THE QUESTION for the Western Bulldogs has not just been how much the club should pay its skipper, superstar, talisman and free agent Marcus Bontempelli for his next deal. It is also how much the club needs to leave for the rest of the Bulldogs, who have one of the most talent-rich lists in the competition.

Bontempelli, who will classify as a restricted free agent, remains out of contract a month into what is shaping as one of his best AFL seasons. This is of no concern at the Dogs, nor does anyone in football believe Bontempelli would entertain a change of scenery. Before the season started, the 25-year-old made it clear to the club he would recommit and wanted to stay, but that he was going to focus on getting the Dogs to start the season well and on his form before contemplating his contract.

Last year had been challenging as a first-time captain for Bontempelli: there was the COVID-19 break, leading a young group while spending four months on the road in Queensland, overcoming a sloppy start for the side and the off-field incident of his vice-captain Lachie Hunter, which saw his teammate give up the mantle. Getting off to a strong beginning was a priority and has been achieved, with the Dogs sitting atop the ladder unbeaten after four rounds and the 2016 premiership midfielder in red-hot form.

While there has been no hurry to lock in his next deal in the opening weeks, there is a confidence that when talks ramp up a resolution will be reached quickly for Bontempelli. But while the club will have one eye on its top Dog, who rivals believe would command up to $1.2-3 million per season elsewhere, the club also needs to keep its pack together.

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Having prioritised and re-signed emerging defender Bailey Williams to a new two-year deal, the Dogs are in talks with free agent Tom Liberatore over an extension. Mitch Wallis was dropped for round three but the vice-captain is also out of contract this year, as well as first-round picks Ed Richards and Cody Weightman. The club has started discussions on Laitham Vandermeer's new deal, with the speedy forward's contract ending this year.

Patrick Lipinski, omitted in recent weeks, grew up a Bulldogs fanatic but is out of contract and will have other clubs circling if he continues to be on the fringes, like Toby McLean last year before his knee injury.

Then there is next year's group. Young gun Bailey Smith, who has yet to miss a game since joining the Bulldogs and is on the ascent to superstardom, will be ready for an increased deal, as will All-Australian pair Jack Macrae and Caleb Daniel, who will both qualify as free agents for the first time. Ruckman Tim English will also fall out of contract at the end of next year, as the club positions itself to open talks with its core players for extensions before they start 2022.

Josh Dunkley, last year adamant on a move to Essendon in the Trade Period, is contracted to the end of 2022. Norm Smith medallist Jason Johannisen and defender Alex Keath are in the same basket, as will be Jamarra Ugle-Hagan, whose first negotiated deal will come with a No.1 pick tax – usually now anywhere between $400-500,000 for the top draft choice in their third and fourth seasons.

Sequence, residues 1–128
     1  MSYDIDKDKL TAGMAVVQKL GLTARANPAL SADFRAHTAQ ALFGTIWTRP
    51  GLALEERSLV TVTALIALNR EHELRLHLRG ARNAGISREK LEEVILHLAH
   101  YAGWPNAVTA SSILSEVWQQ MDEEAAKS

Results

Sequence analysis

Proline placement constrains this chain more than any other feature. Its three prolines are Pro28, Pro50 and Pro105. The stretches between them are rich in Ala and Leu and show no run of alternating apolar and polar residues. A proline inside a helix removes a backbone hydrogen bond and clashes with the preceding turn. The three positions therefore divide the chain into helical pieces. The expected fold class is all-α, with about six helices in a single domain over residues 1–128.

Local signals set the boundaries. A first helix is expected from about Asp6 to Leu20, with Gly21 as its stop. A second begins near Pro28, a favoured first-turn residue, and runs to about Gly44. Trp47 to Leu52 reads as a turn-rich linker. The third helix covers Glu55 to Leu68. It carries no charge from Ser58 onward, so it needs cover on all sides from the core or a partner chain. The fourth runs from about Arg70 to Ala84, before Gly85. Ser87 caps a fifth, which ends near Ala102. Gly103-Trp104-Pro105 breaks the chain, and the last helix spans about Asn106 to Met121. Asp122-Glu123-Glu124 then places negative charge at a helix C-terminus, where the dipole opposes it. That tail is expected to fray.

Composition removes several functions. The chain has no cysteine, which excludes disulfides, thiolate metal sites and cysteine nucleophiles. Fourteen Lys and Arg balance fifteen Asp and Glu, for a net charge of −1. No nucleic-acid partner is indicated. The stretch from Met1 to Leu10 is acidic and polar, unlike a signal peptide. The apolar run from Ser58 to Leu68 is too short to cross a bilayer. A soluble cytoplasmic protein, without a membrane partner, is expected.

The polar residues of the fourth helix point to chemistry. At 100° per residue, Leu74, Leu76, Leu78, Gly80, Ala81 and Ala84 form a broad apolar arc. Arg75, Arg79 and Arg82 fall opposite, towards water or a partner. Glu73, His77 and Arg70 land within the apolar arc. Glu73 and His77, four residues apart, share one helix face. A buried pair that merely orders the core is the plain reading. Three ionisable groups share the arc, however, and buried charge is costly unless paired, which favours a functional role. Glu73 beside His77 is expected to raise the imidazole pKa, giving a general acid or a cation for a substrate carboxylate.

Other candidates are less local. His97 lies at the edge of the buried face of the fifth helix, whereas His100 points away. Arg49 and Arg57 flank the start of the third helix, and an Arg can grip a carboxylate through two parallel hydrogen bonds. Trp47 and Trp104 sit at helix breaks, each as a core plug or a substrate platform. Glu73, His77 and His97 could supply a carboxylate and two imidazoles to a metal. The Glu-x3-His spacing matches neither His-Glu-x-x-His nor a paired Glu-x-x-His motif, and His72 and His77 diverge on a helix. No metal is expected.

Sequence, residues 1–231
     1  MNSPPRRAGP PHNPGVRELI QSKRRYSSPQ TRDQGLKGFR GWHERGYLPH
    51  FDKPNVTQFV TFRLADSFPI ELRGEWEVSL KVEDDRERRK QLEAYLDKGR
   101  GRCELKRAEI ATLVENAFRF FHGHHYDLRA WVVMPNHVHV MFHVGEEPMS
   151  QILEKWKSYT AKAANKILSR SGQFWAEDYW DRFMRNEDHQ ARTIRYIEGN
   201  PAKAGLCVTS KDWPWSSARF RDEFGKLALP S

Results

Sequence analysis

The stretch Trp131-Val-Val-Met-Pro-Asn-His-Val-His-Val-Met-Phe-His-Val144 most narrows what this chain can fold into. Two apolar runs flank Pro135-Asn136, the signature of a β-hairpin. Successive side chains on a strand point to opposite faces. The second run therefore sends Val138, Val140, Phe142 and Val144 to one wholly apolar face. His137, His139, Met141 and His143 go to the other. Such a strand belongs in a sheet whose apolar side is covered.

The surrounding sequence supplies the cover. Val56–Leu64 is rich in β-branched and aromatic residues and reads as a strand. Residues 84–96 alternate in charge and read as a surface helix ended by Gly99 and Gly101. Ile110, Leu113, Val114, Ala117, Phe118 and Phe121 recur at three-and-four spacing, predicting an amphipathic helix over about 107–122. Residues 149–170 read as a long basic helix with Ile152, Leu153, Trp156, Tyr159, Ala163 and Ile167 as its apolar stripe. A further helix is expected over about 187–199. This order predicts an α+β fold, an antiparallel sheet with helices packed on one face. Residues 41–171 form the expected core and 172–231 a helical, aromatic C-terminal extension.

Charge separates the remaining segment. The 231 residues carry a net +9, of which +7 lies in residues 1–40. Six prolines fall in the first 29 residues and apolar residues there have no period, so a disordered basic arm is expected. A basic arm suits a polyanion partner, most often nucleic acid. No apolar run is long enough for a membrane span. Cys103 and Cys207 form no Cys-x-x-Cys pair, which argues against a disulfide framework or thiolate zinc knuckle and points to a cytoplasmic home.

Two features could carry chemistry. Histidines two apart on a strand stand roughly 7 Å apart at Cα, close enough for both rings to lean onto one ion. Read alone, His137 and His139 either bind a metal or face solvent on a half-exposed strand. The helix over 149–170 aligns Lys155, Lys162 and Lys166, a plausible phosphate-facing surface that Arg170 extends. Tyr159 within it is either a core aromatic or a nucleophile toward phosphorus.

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The Dogs have come prepared. Under list manager Sam Power, the club pre-paid some of its salary cap, a mechanism allowed for clubs to get ahead.

After a drop-off after their 2016 flag, the Dogs maximised the time when they were a developing team and were able to bank some money under the AFL rule which enables clubs to maximise their play payments and leave room to recruit and retain. Despite the squad of priority re-signings, and their players taking an increased 5.5 per cent across-the-board pay cut at the start of the season, the Dogs are understood to still have some headway to be active again this off-season.

Power has gained a strong reputation among player agents for his pragmatic, practical approach to contracting. The Dogs haven't underpaid their players nor overpaid new ones.

In-form forward Josh Bruce is on a longer-term deal but a lower rate than he was at St Kilda, while off-season addition Adam Treloar, who the Dogs are paying $600,000 per season until 2025, is clearly their highest-priced acquisition. But the Dogs, on the back of two elimination final defeats in 2019-20, saw Treloar as a marquee chip who could move the needle from finals fill-ins to a premiership shot (so far, so good) and did not have to give up much trade capital to get the deal done.

Adam Treloar and Josh Dunkley celebrate during the round three match between North Melbourne and Western Bulldogs at Marvel Stadium on April 2, 2021. Picture: AFL Photos

The market-rate offers have another benefit, demonstrating to the Dogs' established players that the club isn't going to overspend on a recruit who comes into the club earning more than the home-grown Bulldogs. They have shown they put stock in their own. And because of a strong recruiting history, the Dogs also currently have the best credentialed state league side, with first-round picks and premiership players pushing for selection.

Treloar will play a part in the Dogs' hopes to ward off interest in Dunkley, with rivals believing the Bombers will come for the hardened midfielder for the second-straight year after last season failing to get a deal done after Dunkley trade request. Treloar and Dunkley have swiftly become the Bulldogs' new 'bromance' since the former Magpie and Giants star joined the club.

Success beckons at Whitten Oval if the group can remain intact. Bontempelli, who has started his free agency year arguably as well as any free agent of the past alongside Tigers champion Dustin Martin in 2017, is but one (albeit significant) part of the Dogs' plans.